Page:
DNA was first discovered in 1869 by the Swiss chemist Friedrich Miescher but it was not until 1944 that Oswald Avery found DNA was responsible for causing genetic changes in bacteria. In 1953, James Watson and Francis Crick announced that they found the secret of life. Crick and Watson used an X-ray diffraction device to photograph DNA taken by Rosalind Franklin.
Together, they determined that DNA has a double-helix polymer structure. The two strands coil around each and are held together by bonds between the 23 base pairs of adenine, thymine, cytosine, and guanine. The breakthrough meant humanity now understands how genetic information is handed down from generation to generation through DNA.
Further advances followed the work of the Human Genome Project that genetic disorders from the parents could be passed down to the child by the incorrect copying of the DNA code and that finding these ‘errors’ could assist in determining your likelihood of developing certain conditions. This has led to the development of DNA testing.
Prenatal Screening Tests
During the first trimester of pregnancy a simple blood test measures levels of PAPP-A (pregnancy-associated plasma protein-A) and HCG (human chorionic gonadotropin) hormone being produced in a woman’s body.
The test screens for certain chromosomal disorders such as Down syndrome, Edward’s syndrome, Patau Syndrome, and others.
Abnormal levels of PAPP-A and HCG usually suggest something is unusual with the fetus.
Further testing is required, and the doctor may require a sample of amniotic fluid that surrounds the baby. The results of this test can aid a woman’s choice in the next steps to be taken.
Targeted Medical Treatment
In the past, you were given medicine and it either worked or it didn’t. You could suffer from painful side effects. One of the fastest-growing areas in medicine is developing drugs that target and attack cancer cells through precision medicine.
Methylation is a process that changes genes through environmental and lifestyle factors and heightens or lowers the possibility of developing carcinogenesis.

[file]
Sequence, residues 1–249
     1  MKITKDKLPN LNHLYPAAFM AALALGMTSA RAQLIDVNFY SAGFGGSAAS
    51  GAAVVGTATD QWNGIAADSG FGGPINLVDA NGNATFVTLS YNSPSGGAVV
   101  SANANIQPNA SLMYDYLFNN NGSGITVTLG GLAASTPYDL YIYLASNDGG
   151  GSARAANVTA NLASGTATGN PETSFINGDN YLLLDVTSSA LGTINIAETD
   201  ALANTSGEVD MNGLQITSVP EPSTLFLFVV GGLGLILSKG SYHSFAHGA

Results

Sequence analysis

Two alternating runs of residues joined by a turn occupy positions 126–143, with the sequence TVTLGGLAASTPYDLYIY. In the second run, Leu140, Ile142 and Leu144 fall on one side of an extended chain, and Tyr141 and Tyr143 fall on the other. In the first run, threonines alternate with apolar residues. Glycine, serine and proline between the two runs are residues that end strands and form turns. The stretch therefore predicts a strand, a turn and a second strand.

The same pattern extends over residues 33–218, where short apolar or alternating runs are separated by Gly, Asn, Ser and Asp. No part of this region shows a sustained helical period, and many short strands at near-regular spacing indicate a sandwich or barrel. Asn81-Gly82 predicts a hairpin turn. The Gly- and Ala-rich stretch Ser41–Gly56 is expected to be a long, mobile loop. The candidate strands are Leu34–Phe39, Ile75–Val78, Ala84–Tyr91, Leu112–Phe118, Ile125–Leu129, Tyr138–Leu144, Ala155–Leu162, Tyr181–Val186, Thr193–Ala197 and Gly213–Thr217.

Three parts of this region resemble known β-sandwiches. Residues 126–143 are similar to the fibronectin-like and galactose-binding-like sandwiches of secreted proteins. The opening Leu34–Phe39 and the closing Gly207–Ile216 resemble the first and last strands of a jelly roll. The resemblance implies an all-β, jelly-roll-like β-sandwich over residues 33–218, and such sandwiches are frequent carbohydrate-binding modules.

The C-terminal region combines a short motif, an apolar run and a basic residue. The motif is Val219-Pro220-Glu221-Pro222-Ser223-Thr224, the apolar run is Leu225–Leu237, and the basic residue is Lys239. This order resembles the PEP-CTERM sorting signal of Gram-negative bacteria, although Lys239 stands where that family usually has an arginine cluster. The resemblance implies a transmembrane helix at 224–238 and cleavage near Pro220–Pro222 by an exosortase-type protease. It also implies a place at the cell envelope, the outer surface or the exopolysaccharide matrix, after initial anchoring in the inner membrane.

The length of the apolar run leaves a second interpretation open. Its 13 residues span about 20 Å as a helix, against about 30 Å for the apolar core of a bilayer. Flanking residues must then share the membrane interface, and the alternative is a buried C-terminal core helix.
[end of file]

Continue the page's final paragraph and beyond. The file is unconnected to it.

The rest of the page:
Cancer cells change DNA making them different from normal cells. This causes them to behave differently, by growing faster than normal cells and then sometimes spreading to other parts of the body. New cancer drugs ‘target’ these differences and as gene therapies develop, the treatments can be created specifically for the patient.
BRCA1 and BRCA2 are human genes that produce proteins that suppress tumors. Damaged DNA is repaired by these proteins.
If these genes are mutated or modified be able to help repair any becoming damaged DNA. Making the cells’ genetic material less stable and more likely to be cancerous.
Women with certain inherited mutations in the BRCA1 and BRCA2 gene have a greater risk of developing breast and ovarian cancers. Several different DNA tests are available that look for a specific harmful BRCA1 or BRCA2 gene mutation.
Everybody has different DNA. It’s what makes us unique. DNA profiling is a forensic technique in criminal investigations. Comparing DNA recovered from a crime scene provides evidence against suspects.
DNA tests determine paternity in family court proceedings. It can also settle inheritance disputes and adoption cases.
Do I need a DNA Test?
Commercial DNA tests vary in quality as do the laboratories and it is important to consider who you are buying a DNA test from and the organization that evaluates your results. Of course, medically ordered tests managed by a gene therapist are a different animal than the commercial DNA tests available online.
Consult DNA Weekly which is an objective resource that helps test seekers find the right screening for their purposes and other resources to help you in learning about your health and well-being through a view of your DNA.